• Toxins. Chemotherapy, radiation, and some prescription medications have been linked to toxin-induced ovarian failure. The cellular makeup is often damaged with these treatments, leading to these issues. Other environmental contributing toxins are: cigarette smoke, chemicals, pesticides, and certain viruses.
  • Chromosome changes. Certain genetic disorders are associated with this condition, such as Turner syndrome, or Fragile X syndrome.
  • Immune System Issues. This rare form occurs when the immune system produces antibodies against your own ovarian tissue, harming all parts of the ovaries and function. It is not known what triggers this immune response, but it can happen at any age or time in life.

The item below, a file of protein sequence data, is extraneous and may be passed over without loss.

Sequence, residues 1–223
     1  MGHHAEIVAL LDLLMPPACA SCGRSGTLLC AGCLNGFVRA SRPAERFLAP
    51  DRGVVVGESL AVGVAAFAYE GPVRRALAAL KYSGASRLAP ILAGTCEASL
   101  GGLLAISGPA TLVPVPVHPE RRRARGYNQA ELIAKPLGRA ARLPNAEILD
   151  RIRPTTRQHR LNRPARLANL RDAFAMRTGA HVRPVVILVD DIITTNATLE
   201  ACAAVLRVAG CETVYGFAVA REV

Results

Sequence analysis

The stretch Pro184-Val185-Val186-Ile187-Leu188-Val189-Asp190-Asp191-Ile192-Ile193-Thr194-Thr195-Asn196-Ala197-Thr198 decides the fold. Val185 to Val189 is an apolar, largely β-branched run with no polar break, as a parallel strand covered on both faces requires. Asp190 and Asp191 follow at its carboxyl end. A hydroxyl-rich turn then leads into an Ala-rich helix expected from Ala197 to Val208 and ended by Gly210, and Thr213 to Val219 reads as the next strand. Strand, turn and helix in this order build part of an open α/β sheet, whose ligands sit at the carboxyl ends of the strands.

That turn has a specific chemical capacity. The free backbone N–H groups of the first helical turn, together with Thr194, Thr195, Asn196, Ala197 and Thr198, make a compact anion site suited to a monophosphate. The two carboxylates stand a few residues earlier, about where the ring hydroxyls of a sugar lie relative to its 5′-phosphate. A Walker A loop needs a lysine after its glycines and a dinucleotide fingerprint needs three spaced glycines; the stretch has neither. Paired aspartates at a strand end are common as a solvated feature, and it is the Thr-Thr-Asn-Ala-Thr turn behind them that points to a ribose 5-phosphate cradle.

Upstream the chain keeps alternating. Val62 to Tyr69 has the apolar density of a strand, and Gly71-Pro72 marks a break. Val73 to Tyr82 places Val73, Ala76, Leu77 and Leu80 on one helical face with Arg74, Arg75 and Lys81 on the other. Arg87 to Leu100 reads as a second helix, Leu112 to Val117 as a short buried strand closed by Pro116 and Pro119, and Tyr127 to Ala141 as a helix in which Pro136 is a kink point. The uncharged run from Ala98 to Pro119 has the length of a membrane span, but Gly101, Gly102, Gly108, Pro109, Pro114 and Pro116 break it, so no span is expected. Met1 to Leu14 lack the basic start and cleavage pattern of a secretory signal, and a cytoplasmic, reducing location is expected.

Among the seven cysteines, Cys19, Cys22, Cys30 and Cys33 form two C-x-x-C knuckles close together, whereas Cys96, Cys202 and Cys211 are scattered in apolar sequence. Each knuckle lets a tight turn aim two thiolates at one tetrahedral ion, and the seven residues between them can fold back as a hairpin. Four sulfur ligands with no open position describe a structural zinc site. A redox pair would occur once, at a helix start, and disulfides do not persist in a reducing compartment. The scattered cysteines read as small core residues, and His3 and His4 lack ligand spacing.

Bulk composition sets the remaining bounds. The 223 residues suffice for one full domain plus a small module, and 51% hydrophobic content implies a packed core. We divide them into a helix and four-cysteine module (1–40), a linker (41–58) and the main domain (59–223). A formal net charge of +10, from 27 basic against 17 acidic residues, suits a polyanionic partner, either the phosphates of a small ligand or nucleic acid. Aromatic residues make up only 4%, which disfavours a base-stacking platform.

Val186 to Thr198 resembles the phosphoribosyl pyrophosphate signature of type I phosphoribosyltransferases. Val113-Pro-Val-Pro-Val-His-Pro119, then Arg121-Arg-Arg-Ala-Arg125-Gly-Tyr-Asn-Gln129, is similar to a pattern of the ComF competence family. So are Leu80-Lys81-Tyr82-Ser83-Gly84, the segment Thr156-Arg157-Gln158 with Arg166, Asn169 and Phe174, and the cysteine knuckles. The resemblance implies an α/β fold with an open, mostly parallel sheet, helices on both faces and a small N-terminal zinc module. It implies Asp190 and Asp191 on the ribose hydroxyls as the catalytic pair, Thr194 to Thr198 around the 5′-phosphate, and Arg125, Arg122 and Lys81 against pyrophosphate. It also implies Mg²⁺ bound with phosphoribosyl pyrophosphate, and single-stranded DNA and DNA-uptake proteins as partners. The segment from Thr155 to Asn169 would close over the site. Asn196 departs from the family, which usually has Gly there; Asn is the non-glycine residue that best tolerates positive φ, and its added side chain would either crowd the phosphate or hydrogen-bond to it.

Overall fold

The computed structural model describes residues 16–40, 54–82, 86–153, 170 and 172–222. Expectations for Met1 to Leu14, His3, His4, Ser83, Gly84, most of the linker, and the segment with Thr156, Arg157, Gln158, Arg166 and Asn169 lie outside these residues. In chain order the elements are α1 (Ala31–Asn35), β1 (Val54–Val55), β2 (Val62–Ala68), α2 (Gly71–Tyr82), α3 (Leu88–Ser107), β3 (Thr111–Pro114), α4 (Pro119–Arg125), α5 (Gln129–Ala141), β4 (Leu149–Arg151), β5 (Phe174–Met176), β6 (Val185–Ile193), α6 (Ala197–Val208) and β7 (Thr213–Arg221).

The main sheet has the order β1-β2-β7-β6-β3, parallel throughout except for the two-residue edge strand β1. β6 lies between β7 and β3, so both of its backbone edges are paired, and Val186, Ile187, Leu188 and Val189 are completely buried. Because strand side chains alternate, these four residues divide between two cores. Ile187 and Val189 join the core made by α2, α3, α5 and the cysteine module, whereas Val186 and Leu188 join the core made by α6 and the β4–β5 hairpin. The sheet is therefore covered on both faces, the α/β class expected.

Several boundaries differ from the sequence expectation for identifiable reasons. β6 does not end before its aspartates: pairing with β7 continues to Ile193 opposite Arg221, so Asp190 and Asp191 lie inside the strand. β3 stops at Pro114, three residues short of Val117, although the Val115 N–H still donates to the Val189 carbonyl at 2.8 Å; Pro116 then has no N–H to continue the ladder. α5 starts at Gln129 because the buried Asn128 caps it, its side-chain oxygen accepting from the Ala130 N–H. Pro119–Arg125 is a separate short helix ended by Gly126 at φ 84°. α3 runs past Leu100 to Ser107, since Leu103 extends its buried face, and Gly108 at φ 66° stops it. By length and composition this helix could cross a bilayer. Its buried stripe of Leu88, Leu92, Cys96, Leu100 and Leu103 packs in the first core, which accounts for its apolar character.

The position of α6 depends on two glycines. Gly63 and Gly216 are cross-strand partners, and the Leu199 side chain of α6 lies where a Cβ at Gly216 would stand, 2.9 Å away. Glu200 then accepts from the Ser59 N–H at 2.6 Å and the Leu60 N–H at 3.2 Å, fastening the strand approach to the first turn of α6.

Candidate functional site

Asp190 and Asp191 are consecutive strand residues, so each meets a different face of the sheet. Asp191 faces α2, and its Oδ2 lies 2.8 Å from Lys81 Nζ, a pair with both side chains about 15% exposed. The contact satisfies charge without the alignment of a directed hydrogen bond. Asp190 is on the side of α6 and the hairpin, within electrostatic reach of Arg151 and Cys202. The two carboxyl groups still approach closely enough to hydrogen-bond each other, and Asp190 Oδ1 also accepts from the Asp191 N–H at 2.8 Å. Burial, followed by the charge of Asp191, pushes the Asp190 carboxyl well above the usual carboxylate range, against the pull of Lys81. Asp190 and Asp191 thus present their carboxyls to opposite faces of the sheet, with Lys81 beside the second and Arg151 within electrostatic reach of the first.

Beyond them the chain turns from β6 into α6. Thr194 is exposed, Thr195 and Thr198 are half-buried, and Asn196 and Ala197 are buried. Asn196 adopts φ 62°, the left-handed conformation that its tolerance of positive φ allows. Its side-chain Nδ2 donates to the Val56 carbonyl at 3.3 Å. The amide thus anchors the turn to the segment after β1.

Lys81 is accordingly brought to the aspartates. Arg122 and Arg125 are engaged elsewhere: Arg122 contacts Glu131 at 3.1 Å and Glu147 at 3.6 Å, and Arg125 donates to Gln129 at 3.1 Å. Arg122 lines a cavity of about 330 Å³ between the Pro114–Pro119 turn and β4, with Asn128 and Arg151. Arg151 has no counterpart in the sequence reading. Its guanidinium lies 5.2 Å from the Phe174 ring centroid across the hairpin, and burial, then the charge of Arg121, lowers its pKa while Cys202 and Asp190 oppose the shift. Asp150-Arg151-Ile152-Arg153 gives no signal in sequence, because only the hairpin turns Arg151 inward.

• Unknown factors. The cause of SPOF is often unknown. Your medical care provider can do certain testing that can help to narrow down the cause, but many are left without specifics.

Risk Factors for Spontaneous Premature Ovarian Failure

There are certain factors that can increase your risk for this condition. These include:

  • Ovarian Surgery. Part surgeries involving the ovaries in any way increases the overall risk of SPOF.
  • Family history. If another menstruator in your close family tree has any form of ovarian failure, this increases your risk.
  • Age. The risk goes up for those between the ages of 35 and 40, although it is incredibly rare for those under 30 to face this condition.

Complications from SPOF

These complications could arise as you deal with spontaneous premature ovarian failure.

  • Heart disease. The early loss of estrogen in the body can increase your risk.